High Court approves Russian hacker extradition to U.S.

Last week, the hacker and an Israeli woman in a Russian prison for cannabis possession had both requested the High Court to block his extradition to the US.

Supreme Court President Esther Hayut (photo credit: MARC ISRAEL SELLEM)
Supreme Court President Esther Hayut
(photo credit: MARC ISRAEL SELLEM)
The High Court of Justice approved the extradition of a Russian hacker to the US on Sunday, rejecting his requests to be extradited or to serve his potential jail sentence in Russia.
Last week, the hacker and an Israeli woman imprisoned in Russia for cannabis possession both had petitioned the High Court to block his extradition to the US.
The family of Naama Issachar, serving a seven-and-a-half-year sentence in Russia, had filed their petition two weeks ago, while the hacker, Alexei Burkov, filed his last week. Later last week, Issachar’s family withdrew their petition.
These moves follow Acting Justice Minister Amir Ohana’s signing the extradition order to send Burkov to the US for perpetrating cyber fraud. There were also prior rulings by the Jerusalem District Court and the Supreme Court to extradite him.
Generally, the petitioners oppose any extradition, but given the state of legal play, they were pushing for extradition to Russia rather than the US, as part of a package deal for Russia to return Issachar to Israel.
Israelis generally view Issachar as having violated the law, but sense that the violation was itself was minor and the seemingly heavy Russian jail sentence was a political move to try to press Israel into returning Burkov to Moscow.
In a bizarre legal twist unique to the extradition process, though the Supreme Court already ordered Burkov’s extradition, he had a second opportunity to object after the justice minister signed the extradition order by addressing his petition to the same body, but in its capacity as the High Court of Justice.
Essentially, the idea is that extradition has both a criminal and constitutional component, and that the initial Supreme Court ruling addresses the criminal obstacles, while the later High Court ruling addresses any constitutional obstacles.
In theory, the High Court could have overturned the earlier Supreme Court ruling – and in fact, the High Court had frozen the extradition until it could issue a decision.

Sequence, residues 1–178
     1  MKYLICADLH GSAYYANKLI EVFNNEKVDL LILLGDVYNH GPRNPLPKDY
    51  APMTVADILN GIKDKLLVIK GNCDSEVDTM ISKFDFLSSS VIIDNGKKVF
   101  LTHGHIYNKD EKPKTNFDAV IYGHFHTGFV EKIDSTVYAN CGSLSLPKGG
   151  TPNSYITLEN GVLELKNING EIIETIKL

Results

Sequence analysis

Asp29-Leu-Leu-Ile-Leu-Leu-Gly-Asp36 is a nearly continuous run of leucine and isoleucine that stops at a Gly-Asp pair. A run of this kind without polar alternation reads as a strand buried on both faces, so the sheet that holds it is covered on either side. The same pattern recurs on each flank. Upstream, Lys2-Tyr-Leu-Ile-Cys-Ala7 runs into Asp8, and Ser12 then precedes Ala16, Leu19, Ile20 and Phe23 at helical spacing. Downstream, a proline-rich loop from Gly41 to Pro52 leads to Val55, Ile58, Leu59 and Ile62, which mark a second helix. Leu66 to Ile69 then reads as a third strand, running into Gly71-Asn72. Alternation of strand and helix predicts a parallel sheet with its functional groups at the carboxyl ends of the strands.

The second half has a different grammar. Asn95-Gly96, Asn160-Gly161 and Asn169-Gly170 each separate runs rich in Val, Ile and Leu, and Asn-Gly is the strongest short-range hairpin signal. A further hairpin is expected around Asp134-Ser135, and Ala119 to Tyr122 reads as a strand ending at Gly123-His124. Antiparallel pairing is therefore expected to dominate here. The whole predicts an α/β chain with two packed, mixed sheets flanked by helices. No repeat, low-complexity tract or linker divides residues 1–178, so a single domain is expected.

Practically speaking, cases where the High Court (in its capacity as the Supreme Court) denies an extradition that it has already approved are extraordinarily rare.
The two main arguments that Burkov seemed to be basing the latest petition to the High Court on were: firstly, that earlier court decisions were to extradite him, in general, but not necessarily specifically to the US rather than Russia, and, secondly, that Burkov was not physically present in the US.
Classically, in an extradition case, one person commits a crime in his home country and flees to a foreign country to escape the home country’s law and jurisdiction. Typically, the criminal acted for personal gain, and neither of the governments involved are invested – one way or the other – in the outcome of the case.
If there is an extradition treaty between the country of origin and the country to where the criminal fled, he is usually extradited back home. If there is no treaty, perhaps he may not be returned.
And then there is the situation where diplomatic considerations break into the fold.
Here, Burkov has been on “extradition row” since 2015, when the US filed a serious and well-grounded evidentiary request for extraditing him to the US for perpetrating the cyber fraud scheme.
In the age of globalized crime, physically residing in a country is not necessarily required if the main damage resulting from the criminal actions were also incurred in that country. So normally, his extradition to the US would be a done deal.
Russia’s harsh sentence of Issachar sparked speculation that Burkov may have had a higher value to Moscow and that he might have been involved in cyber intelligence activities. Otherwise, it would be unclear why Russia would take notice of any one citizen getting a jail sentence for fraud.
There are many political reasons why Prime Minister Benjamin Netanyahu would want to please Russian President Vladimir Putin – even if some might be a few legal ones.
Ultimately, however, the extradition was always expected to go through due to these legal arguments, and because Israel would be even more concerned about upsetting the US by failing to extradite Burkov than it would be concerned about alienating Russia.
The High Court said that arguments to extradite Burkov to Russia, or to have him serve his potential jail sentence there, had no real legal basis.